Readers may recall that something similar happened in Grünheide, Germany when Tesla decided to build its first German factory there. That area had previously been scouted for a possible BMW factory but the company thought the environmental issues were too challenging there and decided to look elsewhere. Tesla, like Northvolt, promised to plant trees in other areas to offset the trees that needed to be cut down for its factory.
A Regulatory Change Benefits Northvolt
Bishai says recent change to the province’s environmental regulations, made shortly before the Northvolt plant was announced, means the size of the site no longer reaches the threshold that would trigger an independent environmental review. Such a review would have been required before the regulation was changed, however.
“The government so far has denied that it was that this change was bespoke for this company, but it undermines public confidence when a change like this is done so close to the announcement of a project, which has significant government financial support and is moving so quickly,” he said and added that neither the company nor the government has shown an interest in halting the project and entering into a voluntary review process.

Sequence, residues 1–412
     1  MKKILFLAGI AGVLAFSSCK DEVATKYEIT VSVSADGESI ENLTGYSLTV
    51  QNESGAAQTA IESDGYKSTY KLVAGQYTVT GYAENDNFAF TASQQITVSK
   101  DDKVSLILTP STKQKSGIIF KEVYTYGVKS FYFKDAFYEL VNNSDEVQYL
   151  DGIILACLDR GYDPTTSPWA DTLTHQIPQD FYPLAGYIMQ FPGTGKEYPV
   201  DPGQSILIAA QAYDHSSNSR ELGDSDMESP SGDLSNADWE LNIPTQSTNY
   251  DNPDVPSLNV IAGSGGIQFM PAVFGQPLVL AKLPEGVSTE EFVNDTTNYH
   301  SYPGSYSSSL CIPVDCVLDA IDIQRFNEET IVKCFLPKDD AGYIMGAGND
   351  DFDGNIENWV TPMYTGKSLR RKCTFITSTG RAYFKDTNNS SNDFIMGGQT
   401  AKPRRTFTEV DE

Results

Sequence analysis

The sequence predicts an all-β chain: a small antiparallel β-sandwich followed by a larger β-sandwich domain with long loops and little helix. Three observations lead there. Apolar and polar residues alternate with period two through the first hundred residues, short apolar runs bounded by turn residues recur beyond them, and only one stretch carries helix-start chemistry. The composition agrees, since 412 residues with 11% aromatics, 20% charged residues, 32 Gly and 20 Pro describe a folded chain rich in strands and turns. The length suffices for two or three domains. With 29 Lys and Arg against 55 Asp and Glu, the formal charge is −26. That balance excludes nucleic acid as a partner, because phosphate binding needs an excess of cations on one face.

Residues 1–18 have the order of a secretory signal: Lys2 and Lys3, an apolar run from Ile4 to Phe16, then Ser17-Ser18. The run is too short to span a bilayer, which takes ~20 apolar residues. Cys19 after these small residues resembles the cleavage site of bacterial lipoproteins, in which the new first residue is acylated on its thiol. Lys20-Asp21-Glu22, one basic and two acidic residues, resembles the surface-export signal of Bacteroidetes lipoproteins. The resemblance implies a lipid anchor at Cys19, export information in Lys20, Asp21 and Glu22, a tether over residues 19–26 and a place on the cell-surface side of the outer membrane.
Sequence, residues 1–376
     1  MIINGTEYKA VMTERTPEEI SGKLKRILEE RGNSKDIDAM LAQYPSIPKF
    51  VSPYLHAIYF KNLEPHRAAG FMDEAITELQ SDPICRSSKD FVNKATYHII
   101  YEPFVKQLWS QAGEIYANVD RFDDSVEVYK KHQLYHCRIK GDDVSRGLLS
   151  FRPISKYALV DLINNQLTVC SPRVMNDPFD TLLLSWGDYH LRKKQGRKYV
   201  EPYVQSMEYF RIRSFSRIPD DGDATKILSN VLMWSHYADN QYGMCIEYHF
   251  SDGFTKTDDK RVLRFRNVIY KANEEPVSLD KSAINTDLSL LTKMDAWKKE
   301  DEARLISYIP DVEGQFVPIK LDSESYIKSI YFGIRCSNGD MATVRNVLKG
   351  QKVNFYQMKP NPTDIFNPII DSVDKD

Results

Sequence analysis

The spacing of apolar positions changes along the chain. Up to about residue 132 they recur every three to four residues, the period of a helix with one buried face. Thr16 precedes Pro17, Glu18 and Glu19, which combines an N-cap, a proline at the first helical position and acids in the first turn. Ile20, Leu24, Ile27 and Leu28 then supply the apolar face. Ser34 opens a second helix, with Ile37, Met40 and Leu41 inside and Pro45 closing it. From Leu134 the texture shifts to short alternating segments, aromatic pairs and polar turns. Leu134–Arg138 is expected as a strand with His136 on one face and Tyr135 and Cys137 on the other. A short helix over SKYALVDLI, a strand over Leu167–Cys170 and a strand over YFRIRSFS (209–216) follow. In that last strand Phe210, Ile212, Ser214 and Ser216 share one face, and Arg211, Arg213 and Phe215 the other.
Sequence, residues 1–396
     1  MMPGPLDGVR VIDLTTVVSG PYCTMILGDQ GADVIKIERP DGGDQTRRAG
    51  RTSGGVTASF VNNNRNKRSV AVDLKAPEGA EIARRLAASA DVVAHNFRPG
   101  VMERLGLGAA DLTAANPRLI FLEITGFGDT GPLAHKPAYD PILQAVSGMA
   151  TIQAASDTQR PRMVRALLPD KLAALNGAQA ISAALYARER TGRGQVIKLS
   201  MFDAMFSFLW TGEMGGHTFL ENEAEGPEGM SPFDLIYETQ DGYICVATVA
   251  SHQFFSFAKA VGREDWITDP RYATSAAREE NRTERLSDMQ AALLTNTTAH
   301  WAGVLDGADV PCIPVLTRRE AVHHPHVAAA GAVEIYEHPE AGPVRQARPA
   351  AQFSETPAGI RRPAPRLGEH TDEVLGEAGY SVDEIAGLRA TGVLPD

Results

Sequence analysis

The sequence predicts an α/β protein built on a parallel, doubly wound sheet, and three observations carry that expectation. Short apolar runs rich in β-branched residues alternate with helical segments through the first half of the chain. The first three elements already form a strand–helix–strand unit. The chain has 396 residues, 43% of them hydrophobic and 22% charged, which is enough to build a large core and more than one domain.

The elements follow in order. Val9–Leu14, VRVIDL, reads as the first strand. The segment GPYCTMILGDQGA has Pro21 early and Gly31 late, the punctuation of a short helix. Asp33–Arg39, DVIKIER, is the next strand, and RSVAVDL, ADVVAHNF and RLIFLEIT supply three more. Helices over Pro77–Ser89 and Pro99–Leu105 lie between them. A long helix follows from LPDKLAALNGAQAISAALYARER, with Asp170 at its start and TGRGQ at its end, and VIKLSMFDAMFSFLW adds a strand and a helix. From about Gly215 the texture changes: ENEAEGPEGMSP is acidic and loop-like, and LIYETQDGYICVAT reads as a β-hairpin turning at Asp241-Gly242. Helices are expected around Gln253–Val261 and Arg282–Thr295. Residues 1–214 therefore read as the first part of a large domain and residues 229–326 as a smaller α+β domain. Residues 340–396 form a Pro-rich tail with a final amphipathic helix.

Separately the Mohawk Council of Kahnawà:ke has announced that it is filing a lawsuit alleging that the Quebec and Canadian governments failed in their obligation to adequately consult both the public and Indigenous communities before approving the plant. “The site contains some of the highest quality wetlands in the region,” the council said in a statement, arguing that the laws that govern work in wetlands fail to “consider, let alone respect, Indigenous rights.”
For some activists, however, the court action is too slow and cumbersome a process. Last week an anonymous group claimed responsibility for driving steel bars and nails into the trunks of at least 100 trees in an attempt to damage logging equipment and sabotage construction. The group said they had identified the trees with spray paint.